Friday, July 28, 2006


sticks and stones will break my bones,
but i always will be true, and when
your mama is dead and gone,
i'll sing this lullabye just for you,
and what becomes of all the little boys,
who never comb their hair

I am going through years of photos, years of stories, trying to put them together someway.
Many many years ago l started photographing on the street, just quick and hurried, like something that would be taken away from me if l wasn't fast enough. Then l met wally, he was the first that l spent time with, that l got to know.
Walter Skulsky died a very lonely man on a mattress in a rooming house. My first encounter with wally was at a corner store. Exchange of small talk and cigarettes. I asked him if l could come over to where he lived and photograph him. Next day l arrived greeted at the door by wally in his well worn long johns. "Hi, remember me, can l come in. I have some cigarettes,"
I set up this big 4x5 camera and shot very quickly as l was sure he would kick me out. We then sat at a small table, it was just a room, a bare mattress, a empty fridge and the bathroom down the hall.
Wally was always quiet never initiating a conversation, however he answered most of the questions l posed to him. I took prints of wally to him and hung them on his wall, l must have seemed very unusual to him. One time he was nude. I took my place across the table as l normally did. I didn't take any pictures.
"fukin, fukin buttons, where am l going to put all these fukin buttons, on my fukin ass." This was wally's reply to my question as to why he didn't wear any of the buttons l had brought him. I always brought him weird stuff, chocolate bar, a old radio.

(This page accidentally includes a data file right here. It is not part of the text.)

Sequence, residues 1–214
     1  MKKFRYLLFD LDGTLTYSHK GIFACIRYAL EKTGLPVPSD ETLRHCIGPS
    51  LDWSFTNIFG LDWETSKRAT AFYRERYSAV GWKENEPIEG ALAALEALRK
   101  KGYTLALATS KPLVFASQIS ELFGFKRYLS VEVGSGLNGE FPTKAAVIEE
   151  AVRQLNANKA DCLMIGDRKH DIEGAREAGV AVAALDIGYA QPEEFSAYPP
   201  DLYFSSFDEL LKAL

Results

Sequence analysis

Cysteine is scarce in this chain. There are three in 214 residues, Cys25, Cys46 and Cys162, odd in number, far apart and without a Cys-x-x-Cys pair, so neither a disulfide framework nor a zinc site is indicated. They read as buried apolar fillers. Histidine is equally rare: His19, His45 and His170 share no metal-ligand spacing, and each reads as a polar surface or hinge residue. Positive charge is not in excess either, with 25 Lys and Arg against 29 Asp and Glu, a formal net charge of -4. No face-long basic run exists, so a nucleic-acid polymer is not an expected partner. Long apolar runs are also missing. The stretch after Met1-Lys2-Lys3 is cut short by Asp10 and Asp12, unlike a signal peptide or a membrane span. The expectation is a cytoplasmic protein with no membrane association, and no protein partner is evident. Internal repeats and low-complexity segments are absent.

I went away for the summer, travelled across canada by train. I came to see him, his rooming house was empty, the neighbor next door said they buried him last week, her husband had found him dead.
It struck that wally had died without love, without knowing someone out there loved him.
He died of loneliness...


Anonymous said...

I don't have to know you personally to be very positive that he KNEW that someone is out there who takes him with him in his heart. So if I know this just by reading your blog and stumbles how could he not have known when he met you in person :)


ken said...

thank you for the nice words. I appreciate that.

Connie said...

This photo made me feel very sad. I was surfing the web, and found your site. Wally is my Uncle. I never knew him, nor did I know he existed. When I saw the photo the face was so familiar, so I sent your site to a cousin who said "Yes, that is Uncle Walter".

Connie Gainer

ken said...

That is amazing Connie, and yes it must seem sad to you. It was many years ago that l met wally and he was important. If you or your relatives ever want a photograph or to see more of him, please let me know.

Every Photo Tells A Story said...

This is another one that broke my heart, Ken! I guess it's normal to think more about death as one gets older, and I know the ideal would be to accept it gracefully. But I get so angry knowing how much we have to endure and suffer when we are old and dying.

As the one vistor wrote, at least you were in his life towards the end to provide him with a little friendship and kindness and attention. Something he probably wasn't used to.

kenflett said...

You keep bringing up these wonderful memories for me "photoN" thank you.

Anonymous said...

Walter was one of eleven Children born & raised in Wostok AB , spent almost all his life in Calgary. He has brothers Steve & Jim & sister Kate buried in Calgary.

Anonymous said...

Walter was one of a family of 10 children, whose mother , my grandmother died during the spanish flue epidemic in 1918, he chose to live alone, away from family & help after the great depression. Walter experienced a tough childhood upbringing. I spoke to him at length when he attended my fathers funeral in 1978. Walter was married & still has a living & only daughter. All of Walters 11 sisters & brothers have passed on.

kenflett said...

Thank you so much for that. It feels good to know this about Walter.